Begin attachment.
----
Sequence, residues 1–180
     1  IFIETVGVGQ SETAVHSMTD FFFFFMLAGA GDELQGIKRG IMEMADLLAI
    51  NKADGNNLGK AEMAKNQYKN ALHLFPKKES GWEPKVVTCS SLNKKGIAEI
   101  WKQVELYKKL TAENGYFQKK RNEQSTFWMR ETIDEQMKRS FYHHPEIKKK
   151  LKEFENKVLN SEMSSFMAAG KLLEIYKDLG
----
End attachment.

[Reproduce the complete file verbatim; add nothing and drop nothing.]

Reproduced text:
Sequence, residues 1–180
     1  IFIETVGVGQ SETAVHSMTD FFFFFMLAGA GDELQGIKRG IMEMADLLAI
    51  NKADGNNLGK AEMAKNQYKN ALHLFPKKES GWEPKVVTCS SLNKKGIAEI
   101  WKQVELYKKL TAENGYFQKK RNEQSTFWMR ETIDEQMKRS FYHHPEIKKK
   151  LKEFENKVLN SEMSSFMAAG KLLEIYKDLG